ST. JOHN, Sir Henry (1590-c.1642), of Bletsoe, Beds. and St. Bartholomew-the-Great, London

Published in The History of Parliament: the House of Commons 1604-1629, ed. Andrew Thrush and John P. Ferris, 2010
Available from Cambridge University Press



Family and Education

bap. 26 Apr. 1590,1 6th but 5th surv. s. of Oliver, 3rd Bar. St. John† of Bletsoe (d.1618) and Dorothy, da. of John Rede† of Boddington, Glos.;2 bro. of Sir Alexander*, Sir Anthony*, Sir Beauchamp*, Oliver I* and Sir Rowland*. educ. Queen’s, Camb. 1604; L. Inn 1627. ?unm. kntd. 22/24 July 1619.3 admon. 11 May 1642.4 sig. Henry St. John.

Offices Held

Capt., militia horse, Hunts. 1621.5


As the fifth of six brothers to survive into adulthood, St. John could hardly expect a significant inheritance from his father, who, having probably already given him a life annuity, left him only £50 in his will.6 While his brothers all managed to marry wealthy heiresses or widows, he apparently remained single, spending his life on the family estates in Bedfordshire or at their London house in Great St. Bartholomew’s. He should not be confused with a distant relative, Henry St. John† of Farleigh Chamberlayne, Hampshire, one of the protagonists in the Stockbridge election dispute of 1614.7

St. John was knighted at Bletsoe in July 1619, when the king was ‘nobly entertained’ by his eldest brother Oliver, 4th Baron St. John.8 The latter was both lord lieutenant of Huntingdonshire and a landowner in the vicinity of Huntingdon, and undoubtedly secured his brother’s return for the borough.9 St. John had little impact on the proceedings of the House, being named to only one bill committee, that for a private measure to confirm the title of Thomas Waller to the manor of Payton Hall, Suffolk (27 Apr. 1621). As a burgess for Huntingdon he was also entitled to attend two other committees for bills of local interest, one to enable Sir Edward Montagu* and other trustees to sell the manor of Fletton, near Peterborough (4 May 1621), and the other to allow Toby Palavicino to break the entail on his Cambridgeshire estates (19 May 1624).10 St. John does not appear to have stood in 1626, when the seat went to a local man, John Goldsborough.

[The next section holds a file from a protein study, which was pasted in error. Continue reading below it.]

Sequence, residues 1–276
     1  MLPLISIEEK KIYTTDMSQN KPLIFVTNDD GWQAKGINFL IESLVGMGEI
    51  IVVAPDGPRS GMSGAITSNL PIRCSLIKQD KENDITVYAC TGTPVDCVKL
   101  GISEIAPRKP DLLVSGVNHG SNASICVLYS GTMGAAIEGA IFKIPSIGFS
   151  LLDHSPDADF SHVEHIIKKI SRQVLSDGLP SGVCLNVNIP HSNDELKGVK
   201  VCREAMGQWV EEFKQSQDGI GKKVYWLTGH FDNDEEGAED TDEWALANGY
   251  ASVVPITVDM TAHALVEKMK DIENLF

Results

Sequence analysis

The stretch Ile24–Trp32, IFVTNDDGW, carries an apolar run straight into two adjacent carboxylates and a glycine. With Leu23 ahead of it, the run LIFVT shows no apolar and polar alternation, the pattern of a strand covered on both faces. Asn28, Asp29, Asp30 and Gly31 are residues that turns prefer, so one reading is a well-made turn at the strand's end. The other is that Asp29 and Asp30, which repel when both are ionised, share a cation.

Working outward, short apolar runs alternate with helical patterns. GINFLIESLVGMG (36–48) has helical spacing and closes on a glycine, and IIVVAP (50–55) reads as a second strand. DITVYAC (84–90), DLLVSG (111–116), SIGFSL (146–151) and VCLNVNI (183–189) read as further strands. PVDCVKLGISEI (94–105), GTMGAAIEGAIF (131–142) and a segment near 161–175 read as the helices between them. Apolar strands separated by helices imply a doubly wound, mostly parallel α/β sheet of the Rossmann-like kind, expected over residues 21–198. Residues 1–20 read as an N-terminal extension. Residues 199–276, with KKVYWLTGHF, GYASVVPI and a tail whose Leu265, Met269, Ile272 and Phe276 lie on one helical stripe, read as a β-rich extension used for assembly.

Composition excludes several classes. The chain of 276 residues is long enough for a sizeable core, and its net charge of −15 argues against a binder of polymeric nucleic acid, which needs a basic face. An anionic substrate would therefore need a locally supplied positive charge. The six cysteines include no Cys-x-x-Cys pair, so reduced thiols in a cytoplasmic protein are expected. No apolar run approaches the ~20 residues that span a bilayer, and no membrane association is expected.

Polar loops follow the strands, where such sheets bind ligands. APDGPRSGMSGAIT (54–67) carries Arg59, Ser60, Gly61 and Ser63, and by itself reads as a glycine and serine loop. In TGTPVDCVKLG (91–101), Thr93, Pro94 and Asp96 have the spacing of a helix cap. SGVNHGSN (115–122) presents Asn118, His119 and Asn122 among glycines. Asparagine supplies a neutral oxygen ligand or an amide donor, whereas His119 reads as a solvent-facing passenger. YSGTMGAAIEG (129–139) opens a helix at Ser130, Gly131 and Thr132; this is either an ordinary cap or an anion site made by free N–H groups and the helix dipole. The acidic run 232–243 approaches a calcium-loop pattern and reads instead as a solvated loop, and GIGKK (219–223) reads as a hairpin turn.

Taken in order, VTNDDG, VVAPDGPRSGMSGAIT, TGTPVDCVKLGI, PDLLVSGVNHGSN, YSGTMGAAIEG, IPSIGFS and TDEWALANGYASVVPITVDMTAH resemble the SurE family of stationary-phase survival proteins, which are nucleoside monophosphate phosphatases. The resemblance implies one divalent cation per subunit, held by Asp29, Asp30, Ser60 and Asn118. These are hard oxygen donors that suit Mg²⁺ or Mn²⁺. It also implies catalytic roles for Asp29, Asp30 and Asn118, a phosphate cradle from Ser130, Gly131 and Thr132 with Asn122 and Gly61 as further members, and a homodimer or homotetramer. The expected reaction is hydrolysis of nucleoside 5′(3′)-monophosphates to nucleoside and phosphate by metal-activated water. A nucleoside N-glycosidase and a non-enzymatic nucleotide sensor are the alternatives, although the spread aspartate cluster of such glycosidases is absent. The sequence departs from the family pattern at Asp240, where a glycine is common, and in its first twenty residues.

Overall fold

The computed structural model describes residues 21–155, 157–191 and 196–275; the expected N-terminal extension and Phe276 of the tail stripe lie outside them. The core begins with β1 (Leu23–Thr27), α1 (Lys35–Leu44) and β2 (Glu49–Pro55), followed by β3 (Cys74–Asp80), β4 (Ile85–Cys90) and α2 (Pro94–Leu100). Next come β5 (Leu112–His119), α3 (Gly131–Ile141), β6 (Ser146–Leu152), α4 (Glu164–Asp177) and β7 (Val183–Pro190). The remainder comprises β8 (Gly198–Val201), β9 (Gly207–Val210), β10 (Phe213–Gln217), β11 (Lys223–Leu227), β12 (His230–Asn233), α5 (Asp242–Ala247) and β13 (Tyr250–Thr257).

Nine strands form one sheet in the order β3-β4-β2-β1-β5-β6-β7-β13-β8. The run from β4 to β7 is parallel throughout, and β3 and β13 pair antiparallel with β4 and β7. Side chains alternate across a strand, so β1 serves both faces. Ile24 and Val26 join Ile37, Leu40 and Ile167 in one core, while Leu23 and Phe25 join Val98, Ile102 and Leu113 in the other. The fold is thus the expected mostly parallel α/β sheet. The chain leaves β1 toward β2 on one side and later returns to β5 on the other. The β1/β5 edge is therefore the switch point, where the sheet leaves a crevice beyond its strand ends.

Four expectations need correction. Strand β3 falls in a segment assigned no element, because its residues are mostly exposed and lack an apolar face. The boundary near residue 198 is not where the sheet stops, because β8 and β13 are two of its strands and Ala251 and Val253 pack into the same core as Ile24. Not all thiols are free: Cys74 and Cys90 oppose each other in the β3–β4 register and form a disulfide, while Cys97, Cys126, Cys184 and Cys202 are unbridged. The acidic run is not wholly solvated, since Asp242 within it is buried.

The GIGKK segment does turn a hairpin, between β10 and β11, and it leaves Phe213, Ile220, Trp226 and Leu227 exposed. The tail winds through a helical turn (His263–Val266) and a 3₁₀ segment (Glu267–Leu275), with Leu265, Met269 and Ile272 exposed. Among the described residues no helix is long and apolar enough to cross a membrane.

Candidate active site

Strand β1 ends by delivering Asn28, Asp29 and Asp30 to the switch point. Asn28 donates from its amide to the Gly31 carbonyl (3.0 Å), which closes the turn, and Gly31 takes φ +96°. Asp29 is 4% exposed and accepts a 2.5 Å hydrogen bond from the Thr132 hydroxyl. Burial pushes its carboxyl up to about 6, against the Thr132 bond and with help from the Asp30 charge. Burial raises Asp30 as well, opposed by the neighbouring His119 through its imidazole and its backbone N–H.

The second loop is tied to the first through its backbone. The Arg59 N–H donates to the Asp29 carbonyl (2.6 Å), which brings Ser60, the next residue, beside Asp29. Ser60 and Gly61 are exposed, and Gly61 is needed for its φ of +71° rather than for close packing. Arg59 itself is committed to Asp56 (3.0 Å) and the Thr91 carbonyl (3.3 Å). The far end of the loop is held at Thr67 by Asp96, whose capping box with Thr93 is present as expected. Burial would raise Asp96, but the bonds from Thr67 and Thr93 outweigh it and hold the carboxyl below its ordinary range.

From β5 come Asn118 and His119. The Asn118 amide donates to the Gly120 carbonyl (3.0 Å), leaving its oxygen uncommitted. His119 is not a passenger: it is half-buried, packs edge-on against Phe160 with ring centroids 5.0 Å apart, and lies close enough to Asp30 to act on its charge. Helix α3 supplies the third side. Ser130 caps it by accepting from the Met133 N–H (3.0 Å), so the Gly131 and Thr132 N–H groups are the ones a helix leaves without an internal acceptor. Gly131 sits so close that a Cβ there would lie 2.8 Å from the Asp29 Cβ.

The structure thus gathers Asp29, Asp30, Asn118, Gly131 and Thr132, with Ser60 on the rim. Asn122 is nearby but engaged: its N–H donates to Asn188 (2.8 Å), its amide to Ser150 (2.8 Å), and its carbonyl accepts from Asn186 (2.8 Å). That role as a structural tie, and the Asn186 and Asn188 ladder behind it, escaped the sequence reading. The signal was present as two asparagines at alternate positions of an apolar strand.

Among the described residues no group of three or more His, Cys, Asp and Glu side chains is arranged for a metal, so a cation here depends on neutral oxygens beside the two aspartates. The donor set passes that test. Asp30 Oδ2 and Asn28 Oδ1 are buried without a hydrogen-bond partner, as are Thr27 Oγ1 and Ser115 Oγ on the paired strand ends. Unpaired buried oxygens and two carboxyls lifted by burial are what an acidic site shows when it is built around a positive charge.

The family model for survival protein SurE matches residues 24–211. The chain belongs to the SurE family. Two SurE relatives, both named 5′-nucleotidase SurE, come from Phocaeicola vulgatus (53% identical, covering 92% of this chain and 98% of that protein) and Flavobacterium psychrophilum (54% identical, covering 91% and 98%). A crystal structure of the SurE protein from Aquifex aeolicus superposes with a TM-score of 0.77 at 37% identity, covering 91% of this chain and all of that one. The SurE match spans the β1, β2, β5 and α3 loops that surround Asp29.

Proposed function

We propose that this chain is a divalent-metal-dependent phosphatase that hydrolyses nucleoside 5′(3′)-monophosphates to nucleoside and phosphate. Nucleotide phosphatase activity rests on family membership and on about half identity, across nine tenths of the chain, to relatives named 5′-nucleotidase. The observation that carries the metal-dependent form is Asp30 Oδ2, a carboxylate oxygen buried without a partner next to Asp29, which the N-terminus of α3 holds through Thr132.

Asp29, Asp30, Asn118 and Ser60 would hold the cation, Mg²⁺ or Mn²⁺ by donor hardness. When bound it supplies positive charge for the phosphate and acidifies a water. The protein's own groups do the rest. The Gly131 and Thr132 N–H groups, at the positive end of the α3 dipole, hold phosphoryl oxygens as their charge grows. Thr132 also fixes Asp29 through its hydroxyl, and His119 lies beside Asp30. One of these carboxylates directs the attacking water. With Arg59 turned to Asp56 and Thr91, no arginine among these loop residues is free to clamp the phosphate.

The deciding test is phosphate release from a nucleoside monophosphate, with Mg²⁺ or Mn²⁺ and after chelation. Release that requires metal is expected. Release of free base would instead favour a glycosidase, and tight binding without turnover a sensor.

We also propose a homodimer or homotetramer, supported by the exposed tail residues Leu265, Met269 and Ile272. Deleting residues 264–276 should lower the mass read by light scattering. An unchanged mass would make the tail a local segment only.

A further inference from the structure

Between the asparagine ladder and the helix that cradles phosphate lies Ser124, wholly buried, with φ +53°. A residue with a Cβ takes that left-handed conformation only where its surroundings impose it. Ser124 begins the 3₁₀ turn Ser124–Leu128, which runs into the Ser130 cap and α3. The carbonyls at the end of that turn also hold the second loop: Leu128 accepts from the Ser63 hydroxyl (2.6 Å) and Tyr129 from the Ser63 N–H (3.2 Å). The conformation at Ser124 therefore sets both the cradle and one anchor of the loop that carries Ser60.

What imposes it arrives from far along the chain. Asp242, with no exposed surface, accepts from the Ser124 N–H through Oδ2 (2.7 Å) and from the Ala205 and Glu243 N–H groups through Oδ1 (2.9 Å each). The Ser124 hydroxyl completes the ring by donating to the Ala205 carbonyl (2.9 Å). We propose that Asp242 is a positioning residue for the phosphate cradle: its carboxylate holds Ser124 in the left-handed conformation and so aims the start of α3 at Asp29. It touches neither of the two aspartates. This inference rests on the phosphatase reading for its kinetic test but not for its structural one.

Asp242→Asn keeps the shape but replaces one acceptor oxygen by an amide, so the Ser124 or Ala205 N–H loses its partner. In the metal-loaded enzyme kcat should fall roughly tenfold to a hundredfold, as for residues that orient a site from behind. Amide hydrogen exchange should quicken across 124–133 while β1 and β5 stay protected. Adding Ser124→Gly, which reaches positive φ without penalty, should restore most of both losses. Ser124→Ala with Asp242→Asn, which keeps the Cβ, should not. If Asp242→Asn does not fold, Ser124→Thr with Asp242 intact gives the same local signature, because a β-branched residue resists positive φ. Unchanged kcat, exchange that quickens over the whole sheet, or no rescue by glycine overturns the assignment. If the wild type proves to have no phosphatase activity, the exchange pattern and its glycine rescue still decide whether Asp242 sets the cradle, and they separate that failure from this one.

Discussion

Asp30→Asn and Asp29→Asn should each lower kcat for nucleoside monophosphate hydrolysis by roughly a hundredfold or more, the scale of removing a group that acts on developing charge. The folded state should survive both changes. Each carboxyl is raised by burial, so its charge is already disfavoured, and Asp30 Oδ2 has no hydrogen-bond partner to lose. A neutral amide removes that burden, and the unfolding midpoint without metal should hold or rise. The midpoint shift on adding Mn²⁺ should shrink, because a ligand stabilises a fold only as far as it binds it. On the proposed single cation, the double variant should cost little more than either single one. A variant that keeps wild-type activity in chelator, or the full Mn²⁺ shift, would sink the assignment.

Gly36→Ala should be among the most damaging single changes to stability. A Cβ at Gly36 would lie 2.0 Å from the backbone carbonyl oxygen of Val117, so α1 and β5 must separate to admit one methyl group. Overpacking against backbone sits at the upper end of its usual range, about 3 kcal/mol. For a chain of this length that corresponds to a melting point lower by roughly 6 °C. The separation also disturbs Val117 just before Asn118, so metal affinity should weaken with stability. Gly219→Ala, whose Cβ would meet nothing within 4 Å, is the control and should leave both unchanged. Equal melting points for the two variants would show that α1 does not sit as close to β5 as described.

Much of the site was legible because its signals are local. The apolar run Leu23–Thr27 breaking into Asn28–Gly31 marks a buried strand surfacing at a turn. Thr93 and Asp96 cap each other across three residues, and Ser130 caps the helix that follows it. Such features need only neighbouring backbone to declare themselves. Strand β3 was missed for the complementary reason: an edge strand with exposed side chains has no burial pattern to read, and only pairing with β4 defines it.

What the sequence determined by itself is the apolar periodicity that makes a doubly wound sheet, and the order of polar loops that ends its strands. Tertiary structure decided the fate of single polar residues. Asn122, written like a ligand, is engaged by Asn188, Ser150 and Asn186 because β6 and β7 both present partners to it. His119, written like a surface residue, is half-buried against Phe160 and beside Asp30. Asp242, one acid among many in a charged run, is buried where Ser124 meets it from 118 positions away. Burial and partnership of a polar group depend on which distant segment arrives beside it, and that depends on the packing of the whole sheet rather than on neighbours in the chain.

In 1627 St. John was made an honorary member of Gray’s Inn at the behest of the reader, Richard Taylor*, his brother’s deputy as recorder of Bedford. During the 1630s St. John handled the affairs of his nephew Sir Paulet St. John, procuring the latter’s marriage licence in 1632 and acting as trustee of his Bedfordshire estates thereafter.11 He also secured pardons for land purchases in Bedfordshire and St. Clement Danes, Middlesex, and bought a farm in Northamptonshire, probably on behalf of his brother Sir Rowland.12 St. John was dead by 11 May 1642, when administration of his estate was granted to his brother Sir Beauchamp.13

Ref Volumes: 1604-1629

Author: Simon Healy


  • 1. Southill (Beds. par. reg. xii), 8.
  • 2. Vis. Beds. (Harl. Soc. xix), 194.
  • 3. Al. Cant.; LI Admiss.; Shaw, Knights of Eng. ii. 173.
  • 4. PROB 6/18, f. 126v.
  • 5. SP14/121/93.
  • 6. PROB 11/132, f. 349v.
  • 7. Procs. 1614 (Commons), 175-83.
  • 8. Chamberlain Letters ed. N.E. McClure, ii. 263.
  • 9. APC, 1618-19, pp. 363-5; C142/376/126.
  • 10. CJ, i. 593b, 606b, 705a; Nicholas, Procs. 1621, i. 332.
  • 11. Faculty Office Mar. Lics. (Harl. Soc. xxiv), 21; C142/614/82; Beds. RO, J.178.
  • 12. C66/2609/64; 66/2732/15; Beds. RO, J.106.
  • 13. PROB 6/18, f. 126v.